Carlos Pena – TB (72.6 Runs Created, 0.5 Runs Saved = 73.1 Total Runs Productivity)
The Cubs payed $10 million for a guy who got 95 hits in 571 plate appearances. Still has power, still has a great eye, but strikes out a ton and is no longer a defensive force as he ages. If he hits .240 as a Cub, I’ll take it – but I’ll also be surprised.
Justin Morneau – MIN (81.9 Runs Created, -12.0 Runs Saved = 69.9 Total Runs Productivity)
A concussion suffered when getting kneed in the head while sliding into second base ended his season. A ferocious hitter, but a brick with the glove. See Michael Cuddyer, above.
Lyle Overbay – TOR (74.4 Runs Created, -6.5 Runs Saved = 67.9 Total Runs Productivity)
Showed a little power to make up for his fading batting average, still draws a few walks. His strikeout rate makes you nervous and he no longer flashes the leather as well as he used to. He’s outside the top ten at his position, and that means he’s won a job in Pittsburgh. At least he’s durable, right? Looking over the Blue Jays roster, does this mean Adam Lind or Travis Snider or Jose Bautista or someone is moving over? Watch the Jays in Spring Training and see what happens.
Justin Smoak – TEX/SEA (40.6 Runs Created, 17.5 Runs Saved = 58.1 Total Runs Productivity)
Should get the Seattle job in 2011, unless Mariners management goes through another round of goofiness. Didn’t hit very well and needs to show improvement, but he did flash leather in two cities. Still a kid – worth giving 500 at bats to see what happens. See Casey Kotchman, below.
Mike Napoli – LAA (73.1 Runs Created, -19.2 Runs Saved = 53.3 Total Runs Productivity)
See Kendry Morales, below. Played first because he was probably the best option when Morales went down but really isn’t a first baseman. May get time there in Texas for 2011, but I’d rather see him catch five days and DH twice a week.
Kendry Morales – LAA (35.1 Runs Created, 11.2 Runs Saved = 46.3 Total Runs Productivity)
Mike Napoli played 140 more innings because Morales went down to a freak leg injury celebrating a home run. Morales was pacing for about 135 runs of total productivity, which would have placed him ahead of Cabrera, when he was sidelined. Hits for power and average, great range – a fantastic player. His injury, as much as anything, cost the Angels the AL West. It forced an out of position player to first and put a bad hitter in the lineup – costing the team about 80 runs over the course of the season.
Casey Kotchman – SEA (43.4 Runs Created, -5.9 Runs Saved = 37.5 Total Runs Productivity)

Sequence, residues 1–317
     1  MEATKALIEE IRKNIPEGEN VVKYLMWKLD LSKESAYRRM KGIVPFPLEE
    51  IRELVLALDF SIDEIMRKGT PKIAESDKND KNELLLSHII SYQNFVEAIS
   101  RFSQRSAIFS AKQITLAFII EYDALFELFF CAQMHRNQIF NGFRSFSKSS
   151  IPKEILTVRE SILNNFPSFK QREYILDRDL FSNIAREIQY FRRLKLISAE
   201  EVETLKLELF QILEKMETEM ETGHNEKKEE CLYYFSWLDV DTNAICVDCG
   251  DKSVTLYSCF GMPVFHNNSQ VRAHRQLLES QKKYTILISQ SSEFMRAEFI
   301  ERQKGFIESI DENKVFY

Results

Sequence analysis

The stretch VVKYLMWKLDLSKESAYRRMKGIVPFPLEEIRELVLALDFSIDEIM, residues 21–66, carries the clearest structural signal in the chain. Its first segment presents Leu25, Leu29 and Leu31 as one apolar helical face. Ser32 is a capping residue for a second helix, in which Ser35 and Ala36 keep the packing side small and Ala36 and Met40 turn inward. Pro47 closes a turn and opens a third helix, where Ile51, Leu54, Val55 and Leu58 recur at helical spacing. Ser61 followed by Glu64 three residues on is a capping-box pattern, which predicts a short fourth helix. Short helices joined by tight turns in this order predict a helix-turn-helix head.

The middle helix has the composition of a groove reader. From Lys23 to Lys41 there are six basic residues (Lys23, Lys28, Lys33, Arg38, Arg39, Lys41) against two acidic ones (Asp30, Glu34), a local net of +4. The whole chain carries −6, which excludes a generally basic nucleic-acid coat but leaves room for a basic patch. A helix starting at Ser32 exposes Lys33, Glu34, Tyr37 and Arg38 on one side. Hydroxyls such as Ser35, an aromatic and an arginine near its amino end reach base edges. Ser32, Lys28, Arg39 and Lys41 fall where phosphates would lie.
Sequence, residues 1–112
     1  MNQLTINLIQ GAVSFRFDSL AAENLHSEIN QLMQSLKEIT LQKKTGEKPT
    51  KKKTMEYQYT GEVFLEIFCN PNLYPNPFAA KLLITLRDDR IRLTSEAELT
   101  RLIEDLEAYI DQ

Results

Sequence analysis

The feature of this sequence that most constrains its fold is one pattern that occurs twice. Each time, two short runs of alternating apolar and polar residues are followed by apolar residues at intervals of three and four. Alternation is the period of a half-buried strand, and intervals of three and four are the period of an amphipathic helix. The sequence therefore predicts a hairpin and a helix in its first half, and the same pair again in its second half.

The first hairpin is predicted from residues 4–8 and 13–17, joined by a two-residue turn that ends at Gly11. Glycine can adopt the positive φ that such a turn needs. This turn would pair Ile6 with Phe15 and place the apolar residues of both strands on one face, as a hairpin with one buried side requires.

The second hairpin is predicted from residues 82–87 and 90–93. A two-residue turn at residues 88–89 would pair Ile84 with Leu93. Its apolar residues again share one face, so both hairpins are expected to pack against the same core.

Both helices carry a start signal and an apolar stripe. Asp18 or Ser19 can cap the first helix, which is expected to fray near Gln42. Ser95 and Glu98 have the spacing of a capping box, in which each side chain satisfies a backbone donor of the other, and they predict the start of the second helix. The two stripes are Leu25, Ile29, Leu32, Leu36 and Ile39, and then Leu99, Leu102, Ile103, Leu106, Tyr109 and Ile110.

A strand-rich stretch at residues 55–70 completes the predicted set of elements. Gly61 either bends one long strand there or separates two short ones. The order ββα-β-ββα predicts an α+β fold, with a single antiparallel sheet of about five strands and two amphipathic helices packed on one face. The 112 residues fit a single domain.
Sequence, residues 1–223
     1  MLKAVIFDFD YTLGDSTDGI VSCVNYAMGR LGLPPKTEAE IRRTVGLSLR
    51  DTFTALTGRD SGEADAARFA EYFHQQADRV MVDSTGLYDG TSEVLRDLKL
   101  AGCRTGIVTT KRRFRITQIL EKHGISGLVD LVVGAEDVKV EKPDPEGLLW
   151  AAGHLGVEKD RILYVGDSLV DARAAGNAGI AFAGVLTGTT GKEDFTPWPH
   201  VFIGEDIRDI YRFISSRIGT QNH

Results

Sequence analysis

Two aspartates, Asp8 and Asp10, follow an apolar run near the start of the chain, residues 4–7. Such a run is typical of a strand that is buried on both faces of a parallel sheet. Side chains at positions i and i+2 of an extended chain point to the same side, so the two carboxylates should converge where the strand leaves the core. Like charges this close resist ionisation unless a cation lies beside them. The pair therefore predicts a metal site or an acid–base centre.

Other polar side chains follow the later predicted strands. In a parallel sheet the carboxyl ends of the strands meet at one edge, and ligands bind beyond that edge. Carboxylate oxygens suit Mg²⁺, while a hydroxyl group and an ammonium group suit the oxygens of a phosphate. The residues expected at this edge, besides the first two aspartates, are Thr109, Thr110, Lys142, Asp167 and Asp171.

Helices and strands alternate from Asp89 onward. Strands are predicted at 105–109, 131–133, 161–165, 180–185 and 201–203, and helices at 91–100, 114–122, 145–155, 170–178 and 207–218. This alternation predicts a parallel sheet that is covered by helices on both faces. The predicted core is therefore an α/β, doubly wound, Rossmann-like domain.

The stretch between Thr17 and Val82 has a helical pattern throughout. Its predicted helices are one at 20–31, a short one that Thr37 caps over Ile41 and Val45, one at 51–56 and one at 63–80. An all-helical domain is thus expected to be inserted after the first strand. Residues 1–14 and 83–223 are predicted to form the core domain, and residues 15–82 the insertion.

I’m not sure what Seattle was thinking here – Kotchman hasn’t been consistent as a Mark Grace type, falling off to hitting just .217 last year. He gets raves for his glove, but hasn’t been consistent there, either. They should have just committed to Russell Branyan, given him a decent check, and let him come to the park confident in having a job. If Seattle is serious about contending, they need to find 70 more runs at this position in 2011. Justin Smoak was imported from Texas for Branyan and has power and a decent eye, seems to be a much better fielder. A full season of Smoak, especially if he can improve from .218 to .260 and hit 25 homers, would be worth at least 45 more runs. If Kotchman gets a full season of at bats anymore, I’ll be stunned.
Mitch Moreland – TEX (24.5 Runs Created, -3.3 Runs Saved = 21.2 Total Runs Productivity)
Chris Davis had the job but couldn’t hit .200. Justin Smoak got a chance, wasn’t horrible, but was sent to Seattle for Russell Branyan. Jorge Cantu was imported from Florida and didn’t really earn much playing time. Mitch Moreland took over down the stretch and was pretty good – hit for power, got on base, did the job at first – though he needs to get comfortable there and a full season later he might not be too bad. He’s low down the list now, but expect him to move up a few notches in 2011.
Matt LaPorta – CLE (42.9 Runs Created, -25.0 Runs Saved = 17.9 Total Runs Productivity)
Russell Branyan came over from Seattle and was far more productive in his 47 games at first (32.8 total runs) than LaPorta, who played 93 games at first and another seven in left field and butchered it both offensively and defensively. Of course, Branyan doesn’t have a job and LaPorta is listed at the top of the depth chart heading into Spring Training. Pity my friends who are Cleveland fans.